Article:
Resurrection and ascension are part of the same theological point (the historical-redemptive fact of His exaltation). That is why the ascension and resurrection are presented by Luke as if they took place on the same day. In principle they did take place on the same day. Resurrection day inaugurated the kingly reign of Christ over all things in the most comprehensive sense. He became "ascended" sovereign and Sabbath Lord seated on the throne of the universe by the resurrection. That rule was inaugurated on the first day of the week. That rule continues to the consummation: to the end of the age. Being our Sabbath king simply means that He was made head over all things to the church (Eph.1:20-23; Col. 1:15-20).
Colossians 1:15-20 shows Jesus to be Sabbath king who reconciles all things whether on earth or in heaven. He is head of the body the church by being firstborn from the dead.
Ephesians 1:20-23 likewise shows Him to be Sabbath king who was raised and seated at the right hand of God far above all and above every name that is named. All things have been put under His feet so He is head over all things to the church (v. 22).
Enough has been said to make the first major point: the resurrection appearances reveal the Lord Jesus as our Sabbath king. He is the true king David that has universal sovereignty in His headship over the church.
2A.The resurrection appearances reveal the Sabbath king as our loving Savior
It is an interesting, a comforting, and an inspiring experience to go one by one through the resurrection appearances in the light that is cast by the fact that Jesus is universal sovereign. We should read these accounts in full recognition that the one who acts and speaks is sovereign God and Sabbath Lord. The one we remember by means of these brief events with all their ambiguity is the one who had already been exalted above every name that is named (Phil. 2). He is to be recognized as Lord (Sabbath Lord/universal sovereign/king David, and King of kings). Most appropriately then, we are told that when the disciples saw Him "they worshipped Him."
So with a broad brush and from the materials of the Gospels, we can paint a picture of our exalted king. But when the brush hits the canvas what appears is not what we first expect. What we get is a wonderful, precious, marvelous, and awesome picture of not a king but a common man, a loving person. He is presented as our loving shepherd. I am not saying that this exhausts the picture of our Lord that emerges from the forty days. But if you remember the appearances what comes to mind? To me there are the following two striking things.
1) Jesus presents Himself in common terms.
I want to say ordinary but these are extraordinary events with some highly unusual elements (such as vanishing from before their eyes or transcending locked doors). But much is ordinary, routine, common, homey, warm and comfortable. Of course, the resurrection is a stupendous event and that fact forcefully surfaces. But look at the Lord Jesus in these accounts. He has no horse and chariot. No pomp and glory is evident. On one hand, He is thought to be a gardener. On the other hand, He is addressed as a stranger that is out of the loop of current events or a curious spectator on the shore wondering if fish were caught or not. Nevertheless, He shows down to earth hospitality inviting the disciples to breakfast (Jn. 21:9, 12, "they saw a charcoal fire in place with fish laid out on it, and breadÖJesus said to them, ĎCome and have breakfastí").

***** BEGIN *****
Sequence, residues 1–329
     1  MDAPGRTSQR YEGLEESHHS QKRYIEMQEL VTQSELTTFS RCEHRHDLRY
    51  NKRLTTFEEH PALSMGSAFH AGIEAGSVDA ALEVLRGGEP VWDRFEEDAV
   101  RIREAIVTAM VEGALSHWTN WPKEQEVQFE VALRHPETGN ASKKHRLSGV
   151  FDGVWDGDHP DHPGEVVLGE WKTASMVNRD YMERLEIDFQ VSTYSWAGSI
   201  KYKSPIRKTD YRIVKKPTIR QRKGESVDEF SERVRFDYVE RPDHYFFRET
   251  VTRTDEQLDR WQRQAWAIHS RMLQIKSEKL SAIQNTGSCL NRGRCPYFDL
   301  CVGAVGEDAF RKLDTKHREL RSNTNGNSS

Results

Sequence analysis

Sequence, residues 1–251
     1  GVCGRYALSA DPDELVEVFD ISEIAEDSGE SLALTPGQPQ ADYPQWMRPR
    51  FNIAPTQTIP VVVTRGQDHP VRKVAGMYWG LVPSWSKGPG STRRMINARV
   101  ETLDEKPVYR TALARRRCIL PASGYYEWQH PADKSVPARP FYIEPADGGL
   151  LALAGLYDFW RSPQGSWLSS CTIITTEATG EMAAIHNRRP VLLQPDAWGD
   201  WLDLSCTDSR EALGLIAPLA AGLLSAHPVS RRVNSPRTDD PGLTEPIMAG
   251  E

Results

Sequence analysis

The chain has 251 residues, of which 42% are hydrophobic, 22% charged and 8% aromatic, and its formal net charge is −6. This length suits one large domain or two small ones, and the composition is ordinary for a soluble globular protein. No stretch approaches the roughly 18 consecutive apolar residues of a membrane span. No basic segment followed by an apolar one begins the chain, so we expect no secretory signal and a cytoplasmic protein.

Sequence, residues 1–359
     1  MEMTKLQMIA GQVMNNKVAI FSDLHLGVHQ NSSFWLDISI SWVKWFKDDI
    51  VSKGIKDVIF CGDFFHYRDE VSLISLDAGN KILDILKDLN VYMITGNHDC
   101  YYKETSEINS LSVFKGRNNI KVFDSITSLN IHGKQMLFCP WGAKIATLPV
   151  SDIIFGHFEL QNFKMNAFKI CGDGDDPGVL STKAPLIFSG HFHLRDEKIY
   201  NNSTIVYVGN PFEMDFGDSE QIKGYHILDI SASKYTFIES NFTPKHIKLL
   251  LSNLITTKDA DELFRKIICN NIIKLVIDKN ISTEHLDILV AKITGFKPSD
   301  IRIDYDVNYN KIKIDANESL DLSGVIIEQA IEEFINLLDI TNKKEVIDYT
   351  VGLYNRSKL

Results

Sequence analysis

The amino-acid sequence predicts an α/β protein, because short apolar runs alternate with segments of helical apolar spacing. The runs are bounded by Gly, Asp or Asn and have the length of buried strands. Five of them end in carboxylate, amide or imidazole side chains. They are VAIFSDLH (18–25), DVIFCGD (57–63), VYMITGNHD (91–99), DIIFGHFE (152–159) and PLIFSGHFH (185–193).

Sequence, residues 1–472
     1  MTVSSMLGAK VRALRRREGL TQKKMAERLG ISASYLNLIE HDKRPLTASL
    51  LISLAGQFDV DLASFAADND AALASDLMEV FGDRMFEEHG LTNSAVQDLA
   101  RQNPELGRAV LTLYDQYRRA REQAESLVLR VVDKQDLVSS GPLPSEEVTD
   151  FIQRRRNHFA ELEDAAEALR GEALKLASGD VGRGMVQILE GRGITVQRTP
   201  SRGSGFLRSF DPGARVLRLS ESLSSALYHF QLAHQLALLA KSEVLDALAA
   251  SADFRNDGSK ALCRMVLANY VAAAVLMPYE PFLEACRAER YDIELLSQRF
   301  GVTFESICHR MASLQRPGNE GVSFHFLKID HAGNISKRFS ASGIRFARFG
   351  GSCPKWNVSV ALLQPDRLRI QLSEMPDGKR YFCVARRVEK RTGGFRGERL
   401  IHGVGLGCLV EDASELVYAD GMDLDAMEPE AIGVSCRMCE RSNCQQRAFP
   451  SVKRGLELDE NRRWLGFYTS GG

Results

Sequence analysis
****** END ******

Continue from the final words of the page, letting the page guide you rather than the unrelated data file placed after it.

2) Jesus presents Himself in loving terms.
Consider His tenderness with Mary and the marvelous word to be given to the "brothers" and eventually to us (Jn. 20:15, 17). Consider how gently He opened the hearts of the two travelers despite their folly so their hearts burned within them (Lk. 24:25, 32). Consider what is going on at the seashore (Jn. 21). The disciples are being welcomed though they all forsook Him and fled. This is a marvelous example of hospitality (for us to follow)! And Peter is reinstated in a marvelous exchange about love and feeding the sheep.
Whose sheep are they? Jesus tells us that they are His sheep. The exalted sovereign, universal king, and Sabbath Lord of the universe is the great Shepherd of the sheep. In his epistle, Peter tells us that Jesus is the Shepherd and Overseer of our souls (1 Pet. 2:25; and our example, v. 21, for helper-ship and headship, 3:1-7, and for brotherly/sisterly love, 3:8). In other words, the Sabbath king is our loving shepherd. Jesus is patient and tender-hearted as Sabbath king and universal sovereign, as the man appointed to judge all people (Acts 17:31). I love this way of remembering Jesus: He is universal sovereign and loving shepherd. That is the greatest and best Savior that needy sinners could ever have. He is our very life for now and forevermore for in Him we have spiritual, eternal, and resurrection life!
What shall we then say to these things?
I need this Savior/Shepherd who is universal sovereign and final judge of all. I own Him as my priest and I own Him as my king (Lord what will you have me to do?). I own His brothers and sisters as my brothers and sisters to learn from Him how to be a loving friend showing patience, kindness, forgiveness, gentleness, and hospitality.